The signs when a person abuse medication!

 

Some folks should not be given too much medication, for here is the result of over medicating  a person.

You decide!?

Grand Mufti of Jerusalem Muhammad Ahmad Hussein speaks to Channel 2 on October 25, 2015. (screen capture: Channel 2)

Grand Mufti of Jerusalem Muhammad Ahmad Hussein speaks to Channel 2 on October 25, 2015. (screen capture: Channel 2)

Writers

Ilan Ben Zion

Ilan Ben Zion Ilan Ben Zion is a news editor at The Times of Israel. He holds a Masters degree in Diplomacy from …  Tel Aviv University and an Honors Bachelors degree from the University of Toronto in Near and Middle Eastern Civilizations, Jewish Studies, and English.

The grand mufti of Jerusalem, the Muslim cleric in charge of the Al-Aqsa Mosque, said Sunday that there has never been a Jewish temple atop the Temple Mount, and that the site has been home to a mosque “since the creation of the world.”

Sheikh Muhammad Ahmad Hussein said in an Arabic interview with Israel’s Channel 2 that the site, considered the third holiest in Islam and the holiest to Jews, was a mosque “3,000 years ago, and 30,000 years ago” and has been “since the creation of the world.”

“This is the Al-Aqsa Mosque that Adam, peace be upon him, or during his time, the angels built,” the mufti said of the 8th-century structure commissioned by Caliph Abd al-Malik ibn Marwan.

Hussein has held the post of mufti since 2006; he was appointed by Palestinian Authority President Mahmoud Abbas. He has previously endorsed suicide bombings against Israelis.

He vehemently denied that there has ever been a Jewish shrine atop the Temple Mount, despite rich archaeological and textual evidence to the contrary, including from Muslim sources. The 10th-century Muslim historian Muḥammad ibn Aḥmad Shams al-Din al-Muqaddasi wrote in his description of Syria and Palestine that “in Jerusalem is the oratory of David and his gate; here are the wonders of Solomon and his cities,” and that the foundations of the Al-Aqsa Mosque “were laid by David.”

Al-Aqsa Mosque on the Temple Mount (Qanta Ahmed)

Al-Aqsa Mosque on the Temple Mount (Qanta Ahmed)

A guide to the Haram al-Sharif, as the Temple Mount is known in Arabic, published by the Muslim Waqf in 1924 also mentioned the presence of two Jewish temples atop the Jerusalem compound in antiquity.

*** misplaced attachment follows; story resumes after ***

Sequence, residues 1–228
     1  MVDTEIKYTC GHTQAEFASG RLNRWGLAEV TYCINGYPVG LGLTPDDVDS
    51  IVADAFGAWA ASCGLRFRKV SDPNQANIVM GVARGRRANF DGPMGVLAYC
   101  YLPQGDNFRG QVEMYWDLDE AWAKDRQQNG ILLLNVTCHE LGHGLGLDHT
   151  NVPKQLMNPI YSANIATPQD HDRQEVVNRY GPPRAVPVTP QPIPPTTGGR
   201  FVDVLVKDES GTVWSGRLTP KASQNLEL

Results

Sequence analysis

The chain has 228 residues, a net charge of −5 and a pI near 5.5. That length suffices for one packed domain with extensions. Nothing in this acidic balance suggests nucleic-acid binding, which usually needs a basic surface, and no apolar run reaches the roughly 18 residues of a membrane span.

At least four inscriptions from Herod’s Temple, destroyed by the Romans in 70 CE, attest to the presence of a Jewish temple atop the 37-acre platform he had engineered over 2,000 years ago.

One of Hussein’s predecessors as chief custodian of the Jerusalem holy site, Hajj Amin al-Husseini, made headlines recently after Prime Minister Benjamin Netanyahu charged in a speech that the Palestinian Muslim leader inspired Adolf Hitler’s Final Solution of exterminating the Jews. Netanyahu took flak from Holocaust scholars, politicians, and even the German government, who pointed out that the extermination of Europe’s Jews was already in full swing when Husseini met Hitler in 1941, and that there was no concrete evidence to support that charge.First century BCE Greek inscription from Jerusalem's Temple Mount forbidding the entry of Gentiles to the Temple precinct, reading “..no foreigner shall enter…” (© The Israel Museum, Jerusalem)

First century BCE Greek inscription from Jerusalem’s Temple Mount forbidding the entry of Gentiles to the Temple precinct, reading “..no foreigner shall enter…” (© The Israel Museum, Jerusalem) The Jerusalem holy site has been the focus of recent violent clashes between Israeli security officers and Palestinian rioters, and ostensible plans by Israel to change its status, repeatedly denied by the government, have been a catalyst for a wave of Palestinian terror attacks on Israelis. While Jewish visitors are allowed to enter the site, Jewish worship is banned under arrangements instituted by Israel when it captured the area from Jordan in the 1967 war.

Israel and Jordan agreed Saturday to placing CCTV cameras on the Temple Mount in a bid to calm tensions and monitor possible violations of the status quo, a move rejected by Palestinian leaders.


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